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Sonderbooks Book Review of

Summer of the Gypsy Moths

by Sara Pennypacker

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Summer of the Gypsy Moths

by Sara Pennypacker

Review posted July 14, 2012.
Balzer + Bray, 2012. 275 pages.
Starred Review
2012 Sonderbooks Stand-out: #1 Other Children's Fiction

I wasn't really attracted to this book by the cover. It looks like a feel-good story about girlfriends spending a summer at the beach. However, since I already think Sara Pennypacker's a genius because of her brilliant writing in the Clementine books, I knew I did want to read it. And since it was nominated for Capitol Choices, I read it sooner rather than later.

In the first 50 pages, I learned that this is actually a book about two 12-year-old girls planning to hide a dead body!

Stella came to her Great-Aunt Louise after her mother had been charged with neglect and was off on an adventure following what she said were job leads. Great-Aunt Louise had also taken in a foster child, Angel, to be company for Stella. That didn't work out very well, since the two were like oil and water.

From the living room, I heard Angel snort. She snorted every time I mentioned Heloise, which just went to show what kind of a person she was, since Heloise does nothing but good for people with her household hints column, helping them get their lives in order.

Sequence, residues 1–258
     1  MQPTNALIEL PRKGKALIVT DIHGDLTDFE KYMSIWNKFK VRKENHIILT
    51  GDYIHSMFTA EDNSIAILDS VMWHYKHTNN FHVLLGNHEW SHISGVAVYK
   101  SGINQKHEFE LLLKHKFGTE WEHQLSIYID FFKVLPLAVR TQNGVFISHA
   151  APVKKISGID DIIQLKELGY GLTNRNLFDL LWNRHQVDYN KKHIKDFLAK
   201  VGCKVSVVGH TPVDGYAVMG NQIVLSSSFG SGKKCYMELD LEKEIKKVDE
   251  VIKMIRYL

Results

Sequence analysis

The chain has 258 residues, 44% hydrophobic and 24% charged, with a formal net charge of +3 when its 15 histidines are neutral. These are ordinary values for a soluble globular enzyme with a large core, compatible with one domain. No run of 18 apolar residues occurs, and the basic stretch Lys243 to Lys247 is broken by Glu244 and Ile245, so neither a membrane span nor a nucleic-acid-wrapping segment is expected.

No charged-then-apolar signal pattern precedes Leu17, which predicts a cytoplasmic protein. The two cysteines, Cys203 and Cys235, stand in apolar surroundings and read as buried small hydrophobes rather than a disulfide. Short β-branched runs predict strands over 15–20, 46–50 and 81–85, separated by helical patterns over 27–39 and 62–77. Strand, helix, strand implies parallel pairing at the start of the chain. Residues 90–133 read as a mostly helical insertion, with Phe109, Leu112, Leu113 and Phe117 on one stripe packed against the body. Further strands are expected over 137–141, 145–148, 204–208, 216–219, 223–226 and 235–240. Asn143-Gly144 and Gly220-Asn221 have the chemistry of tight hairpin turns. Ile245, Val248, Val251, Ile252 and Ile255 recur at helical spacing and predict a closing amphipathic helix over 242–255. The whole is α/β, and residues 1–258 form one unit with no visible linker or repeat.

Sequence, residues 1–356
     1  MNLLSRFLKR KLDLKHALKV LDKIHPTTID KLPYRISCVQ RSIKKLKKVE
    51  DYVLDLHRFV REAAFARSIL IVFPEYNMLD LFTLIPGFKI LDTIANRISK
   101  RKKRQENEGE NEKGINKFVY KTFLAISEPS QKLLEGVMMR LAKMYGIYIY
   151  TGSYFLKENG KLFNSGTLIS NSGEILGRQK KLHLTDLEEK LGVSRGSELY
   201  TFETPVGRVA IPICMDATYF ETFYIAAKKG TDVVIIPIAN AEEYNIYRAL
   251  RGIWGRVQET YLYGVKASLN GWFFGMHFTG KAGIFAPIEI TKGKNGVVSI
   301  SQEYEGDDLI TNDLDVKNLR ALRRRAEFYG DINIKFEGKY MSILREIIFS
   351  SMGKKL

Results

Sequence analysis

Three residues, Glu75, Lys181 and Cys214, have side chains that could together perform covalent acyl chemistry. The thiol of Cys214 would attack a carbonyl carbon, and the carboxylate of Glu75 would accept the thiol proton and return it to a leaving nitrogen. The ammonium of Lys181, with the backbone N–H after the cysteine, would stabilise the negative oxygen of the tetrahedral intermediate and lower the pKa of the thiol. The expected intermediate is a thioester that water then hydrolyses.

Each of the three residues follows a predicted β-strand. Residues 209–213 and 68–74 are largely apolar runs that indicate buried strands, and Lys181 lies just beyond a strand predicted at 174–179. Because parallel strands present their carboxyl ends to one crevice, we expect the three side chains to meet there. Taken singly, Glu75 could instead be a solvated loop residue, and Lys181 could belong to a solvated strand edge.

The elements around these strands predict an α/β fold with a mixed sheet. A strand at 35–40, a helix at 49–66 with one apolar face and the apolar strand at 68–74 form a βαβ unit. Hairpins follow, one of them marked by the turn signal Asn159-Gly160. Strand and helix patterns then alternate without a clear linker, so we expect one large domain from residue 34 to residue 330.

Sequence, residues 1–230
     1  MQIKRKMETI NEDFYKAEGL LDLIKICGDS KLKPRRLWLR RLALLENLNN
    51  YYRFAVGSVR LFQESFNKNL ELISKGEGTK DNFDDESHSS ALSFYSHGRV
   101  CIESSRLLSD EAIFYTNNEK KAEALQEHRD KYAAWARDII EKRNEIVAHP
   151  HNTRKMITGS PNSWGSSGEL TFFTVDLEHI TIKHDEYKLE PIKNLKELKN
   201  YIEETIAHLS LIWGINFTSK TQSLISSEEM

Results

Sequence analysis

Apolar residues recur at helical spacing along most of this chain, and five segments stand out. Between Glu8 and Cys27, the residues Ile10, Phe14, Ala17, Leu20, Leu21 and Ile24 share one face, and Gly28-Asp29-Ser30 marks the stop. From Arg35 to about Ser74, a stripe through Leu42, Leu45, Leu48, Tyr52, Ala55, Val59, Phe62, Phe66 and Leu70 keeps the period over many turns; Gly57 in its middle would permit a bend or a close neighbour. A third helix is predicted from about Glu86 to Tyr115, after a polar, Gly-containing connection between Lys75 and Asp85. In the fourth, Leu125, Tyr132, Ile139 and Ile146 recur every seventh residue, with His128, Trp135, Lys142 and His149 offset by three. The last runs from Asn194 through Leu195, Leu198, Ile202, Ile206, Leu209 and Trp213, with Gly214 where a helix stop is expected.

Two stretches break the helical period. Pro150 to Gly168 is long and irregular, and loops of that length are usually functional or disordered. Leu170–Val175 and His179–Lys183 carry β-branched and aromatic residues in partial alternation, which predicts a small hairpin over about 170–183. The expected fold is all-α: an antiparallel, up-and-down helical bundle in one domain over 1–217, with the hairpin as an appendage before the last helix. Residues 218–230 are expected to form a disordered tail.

But then, it's almost the end of the school year, and Stella and Angel come home from school to find Louise sitting in her chair with the TV on, but it's the wrong show. Louise is dead.

Angel is not ready to go to another foster home. Stella doesn't have anywhere else to go. At first they're just going to put off having to leave, but one thing leads to another, and they decide to stay. They tell crazy fibs about what's wrong with Louise, and Stella, who's used to taking care of things for her mother, has no trouble with Louise's task of keeping the four summer cottages tidied up between customers.

This book is funny and sad and outrageous and poignant.

Once again, Sara Pennypacker's characters seem like completely real children. The way they react to the dead body that was Louise struck me as completely real. Here's where they try to prepare her for burial by bringing out all the jewelry she bought from the Home Shopping Network:

When it came to doing it, though, we couldn't. Neither one of us could touch Louise's neck or ears or wrists. In the end, we just tossed everything over her robe and then jumped back to the doorway. Her lap looked like a pirate's treasure chest, with necklaces and bracelets spilling all over her, and I thought, who wouldn't like that?

I'm glad I'm not on the Newbery committee this year, because I'd have an awful time deciding between this book and Wonder and The One and Only Ivan. On the other hand, I'd have to read these brilliant books several times, which would be a treat.